Track local media with UBCO crowdsourcing map

The crowd-sourced map lets people track changes to media—like this newspaper—and comment on what’s going on.

Nick Blackwell

While the landscape of Canadian media outlets has changed significantly during the past decade, a UBC researcher is hoping to keep tabs on exactly what has changed and where.

Assoc. Prof. Jon Corbett has teamed up with Ryerson University’s School of Journalism and Royal Roads University, to work on the Local News Research Project. The goal is to examine the future of local journalism and news sources across Canada.

Local News Media MapCorbett has created an interactive map through UBC Okanagan’s Spatial Information for Community Engagement lab. Corbett, who teaches in Community, Culture and Global Studies, says the crowd-sourced map will give people an opportunity to track changes to media—like a small town newspaper closing—and comment on what’s going on.

“There has been a huge transformation of media and the way people are getting their news in the past 10 years,” says Corbett. “We want to know what type of news are people getting, is it from the same source, and is it a credible source? We want to examine the consumption of news across the country and how it has changed.”

The crowdsourcing map launched in June; since then more than 800 people have used it to explore and report changes to local news outlets in communities across Canada. People can add a marker to the site to represent an event like a newspaper shutting down, or reducing the number editions it publishes a week, or even a merger of media outlets.

The map reports on cuts to local news broadcasts, the closure of local online, radio, television and newspaper media outlets and the launch of new endeavors. Users can also use it to identify which media companies are scaling back or expanding local news operations.

“This map gives us the best visual analysis of what’s happening in Canadian media across the country,” says Corbett. “There has been a very definite temporal change, and we can see it.”

The map will be used to detect geographical patterns and other trends such as whether certain types of media outlets are closing more frequently than other types.

“We are concerned about local news-poverty,” says Ryerson’s April Lindgren, map co-creator and principal investigator for the project. “People who live in smaller cities and towns, suburban communities and rural areas have fewer options to begin with, and in recent years their choices have become even more limited. Traditional news outlets have been hit by cutbacks, consolidations and closures, while digital-first news sites often struggle to stay afloat.”

Information on the map can be downloaded and analyzed over time. In a recent presentation to the federal House of Commons Heritage Committee, for instance, Lindgren reported that there were 307 markers on the map representing changes to local news outlets across of the country.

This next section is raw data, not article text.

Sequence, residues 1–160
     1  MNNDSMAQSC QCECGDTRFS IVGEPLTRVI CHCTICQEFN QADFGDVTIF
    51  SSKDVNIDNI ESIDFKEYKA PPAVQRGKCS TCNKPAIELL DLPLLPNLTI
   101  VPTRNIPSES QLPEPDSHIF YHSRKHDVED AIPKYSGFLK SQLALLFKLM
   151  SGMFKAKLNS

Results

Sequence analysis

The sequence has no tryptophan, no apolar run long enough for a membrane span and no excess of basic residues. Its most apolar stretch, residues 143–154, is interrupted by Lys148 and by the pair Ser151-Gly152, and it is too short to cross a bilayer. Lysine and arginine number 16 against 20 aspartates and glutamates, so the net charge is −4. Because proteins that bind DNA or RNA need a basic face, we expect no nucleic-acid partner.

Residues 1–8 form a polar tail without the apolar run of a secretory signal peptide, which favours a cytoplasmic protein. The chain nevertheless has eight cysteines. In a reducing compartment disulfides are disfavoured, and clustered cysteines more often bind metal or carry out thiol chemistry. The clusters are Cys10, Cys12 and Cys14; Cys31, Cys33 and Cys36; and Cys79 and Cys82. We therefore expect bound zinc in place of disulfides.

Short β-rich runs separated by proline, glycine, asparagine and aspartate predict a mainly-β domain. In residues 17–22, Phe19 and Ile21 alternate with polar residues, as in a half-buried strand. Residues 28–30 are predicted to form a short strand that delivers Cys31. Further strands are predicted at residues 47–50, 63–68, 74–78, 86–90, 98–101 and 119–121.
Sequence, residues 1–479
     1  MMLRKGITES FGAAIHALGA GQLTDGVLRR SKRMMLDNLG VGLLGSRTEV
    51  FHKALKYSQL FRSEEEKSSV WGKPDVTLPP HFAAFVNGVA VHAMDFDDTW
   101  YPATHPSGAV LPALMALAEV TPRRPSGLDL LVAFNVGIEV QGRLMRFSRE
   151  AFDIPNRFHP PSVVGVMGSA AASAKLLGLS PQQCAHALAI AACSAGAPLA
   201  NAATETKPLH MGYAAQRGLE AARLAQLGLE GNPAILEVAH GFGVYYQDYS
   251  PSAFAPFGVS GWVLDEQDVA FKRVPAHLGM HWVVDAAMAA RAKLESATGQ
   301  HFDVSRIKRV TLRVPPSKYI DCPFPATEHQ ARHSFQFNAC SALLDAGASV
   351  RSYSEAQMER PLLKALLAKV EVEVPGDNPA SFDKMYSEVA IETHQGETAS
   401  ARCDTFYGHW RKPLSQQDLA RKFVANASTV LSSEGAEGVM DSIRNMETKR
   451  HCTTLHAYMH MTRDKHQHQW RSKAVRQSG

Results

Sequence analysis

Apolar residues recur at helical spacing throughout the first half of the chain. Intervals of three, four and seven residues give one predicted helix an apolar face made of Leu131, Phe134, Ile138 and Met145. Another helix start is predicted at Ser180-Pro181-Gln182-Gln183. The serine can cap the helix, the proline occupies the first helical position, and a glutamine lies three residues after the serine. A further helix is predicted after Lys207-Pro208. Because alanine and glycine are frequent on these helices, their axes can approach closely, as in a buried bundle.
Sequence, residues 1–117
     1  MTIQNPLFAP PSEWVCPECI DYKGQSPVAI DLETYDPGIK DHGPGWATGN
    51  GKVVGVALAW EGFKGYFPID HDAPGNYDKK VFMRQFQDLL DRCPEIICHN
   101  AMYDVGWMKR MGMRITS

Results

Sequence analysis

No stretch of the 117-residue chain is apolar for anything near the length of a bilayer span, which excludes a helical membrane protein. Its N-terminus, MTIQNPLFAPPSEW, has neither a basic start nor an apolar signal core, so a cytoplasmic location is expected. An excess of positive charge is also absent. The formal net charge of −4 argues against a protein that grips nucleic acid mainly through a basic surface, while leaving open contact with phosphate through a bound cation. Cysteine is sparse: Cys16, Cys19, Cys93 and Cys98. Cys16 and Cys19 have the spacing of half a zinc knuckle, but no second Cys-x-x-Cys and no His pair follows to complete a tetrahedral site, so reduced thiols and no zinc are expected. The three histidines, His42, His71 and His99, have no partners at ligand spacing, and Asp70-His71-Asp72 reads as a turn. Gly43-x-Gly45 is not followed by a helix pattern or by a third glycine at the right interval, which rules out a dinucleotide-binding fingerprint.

The committee is investigating Canadians’ access to local journalism at a time when there are major changes in the news industry.

The map can be accessed at crowdsourcedmap.

 

Just Posted

Truck fire forces evacuation of Lake Country gas station

No one was injured as firefighters quickly contained blaze at the Shell on Sunday afternoon

Gas leak contained near Lakeshore Road

Ruptured line was quickly contained Sunday morning by Kelowna Fire Department

High winds cause havoc for sailors

Kelowna Fire Department assists boats with broken masts on Okanagan Lake

Late night confrontation between two men in Peachland

RCMP was called to the scene of a physcial encounter on Saturday evening where one man was injured

Update: Police expand search in North Okanagan-Shuswap

Examination continues in Silver Creek, while another search happens between Salmon Arm and Enderby

VIDEO: Sears liquidation sales continue across B.C.

Sales are expected to continue into the New Year

Rockets raise money for autism

Western Hockey League club hosts third annual Family Day Sunday in Kelowna

WATCH: 10,000 signatures gained to stop ‘no pets’ rental policy

Pets OK BC said about 1,700 animals were surrendered to the BC SPCA last year due to housing issues

A golden opportunity

Orthodontist offers sweet deal for the pocketbook

Who is Curtis Sagmoen?

The Observer reveals what we know about the man attached to the Silver Creek property where human remains were found

VIDEO: Oprah Winfrey and a celebrities attend ‘B.C. Miracle Concert’

Fundraiser featured Foster, Steven Tyler, The Tenors, Matteo Bocelli, Laura Bretan, Carly Rae Jepsen

First-place Warriors edge Caps, visit ‘Backs today

West Kelowna scores twice in 25 seconds early in third to overtake Cowichan Valley in BCHL action

Grab a book; thank your librarian

All libraries are cornerstones of their communities and we celebrate them during library month

Five decades of volunteering

Even though she is approaching 70, Merle kindred continues to volunteer around the world

Most Read